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Thread: Replacing felt wading soles

  1. #1

    Default Replacing felt wading soles

    I was wondering if anyone has tried replacing their felt soled wading boots with a different sole that is legal in Alaska waters? Is there a place to pick up replacement soles and any tips on the best way to do this? Thanks for any info!

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    Use the search function on this forum and you should find some solutions. Just search for "felt sole".

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    Everything I tried myself sucked, bought a pair of studded korkers and never looked back...


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    Quote Originally Posted by limon32 View Post
    Everything I tried myself sucked, bought a pair of studded korkers and never looked back...


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    That's how I roll. I switch to vibram when in the boat for traction.

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    Good luck, nothing I've tried compares with felt.

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    I got mine done at Boot Country with tread. They aren't as sticky as felt, but I keep Ice Treckers slip on's with me and use them when needed.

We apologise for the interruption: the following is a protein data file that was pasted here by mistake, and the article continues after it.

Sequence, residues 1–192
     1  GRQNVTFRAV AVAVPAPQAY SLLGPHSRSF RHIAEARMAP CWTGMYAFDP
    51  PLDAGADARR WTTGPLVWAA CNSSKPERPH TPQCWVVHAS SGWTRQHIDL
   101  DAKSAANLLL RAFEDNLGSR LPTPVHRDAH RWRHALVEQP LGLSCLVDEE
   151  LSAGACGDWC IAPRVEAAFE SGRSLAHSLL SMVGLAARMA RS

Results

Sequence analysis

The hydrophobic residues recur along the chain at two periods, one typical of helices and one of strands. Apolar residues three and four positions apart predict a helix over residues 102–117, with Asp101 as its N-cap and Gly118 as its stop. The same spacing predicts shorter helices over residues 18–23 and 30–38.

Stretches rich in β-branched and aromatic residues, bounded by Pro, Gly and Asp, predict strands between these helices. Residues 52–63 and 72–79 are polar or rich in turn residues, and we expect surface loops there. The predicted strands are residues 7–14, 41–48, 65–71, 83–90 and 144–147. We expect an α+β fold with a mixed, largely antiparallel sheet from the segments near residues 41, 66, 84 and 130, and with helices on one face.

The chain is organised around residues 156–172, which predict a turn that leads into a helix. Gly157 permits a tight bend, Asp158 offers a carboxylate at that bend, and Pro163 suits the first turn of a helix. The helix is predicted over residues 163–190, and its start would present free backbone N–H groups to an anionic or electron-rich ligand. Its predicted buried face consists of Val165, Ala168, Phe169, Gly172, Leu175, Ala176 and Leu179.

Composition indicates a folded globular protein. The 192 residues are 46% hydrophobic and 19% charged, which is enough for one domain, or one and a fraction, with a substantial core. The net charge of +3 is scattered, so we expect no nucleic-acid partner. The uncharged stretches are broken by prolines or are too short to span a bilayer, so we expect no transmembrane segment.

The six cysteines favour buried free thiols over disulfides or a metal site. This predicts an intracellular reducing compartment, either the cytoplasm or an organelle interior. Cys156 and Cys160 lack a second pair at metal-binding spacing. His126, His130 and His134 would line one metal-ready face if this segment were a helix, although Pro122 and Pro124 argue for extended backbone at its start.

7. #7

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    I don't know the glue details, but a friend ground off his felt soles at the bench grinder, then glued on replacement soles intended for Corkers. He's very happy with the results.

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    Quote Originally Posted by extrema View Post
    Good luck, nothing I've tried compares with felt.
    Thats interesting, I wouldn't go back to felt after owning studied korkers even if it was legal.


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    Quote Originally Posted by extrema View Post
    Good luck, nothing I've tried compares with felt.
    I wear the Korker strap on spikes. I would NEVER even consider going back to felt soles, even where legal. The spikes grip all the wet rock surfaces I've found up here and they won't slip on steep banks. The only problem I've had with them is that you have to be careful in deep mud - the mud can suck them off a boot.

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    Not sure on the replacement soles themselves, perhaps Simms can sell them. However, it was common place to grind off the felt and glue on replacement felts so the concept is established, just gotta find a suitable piece of rubber for the bottom.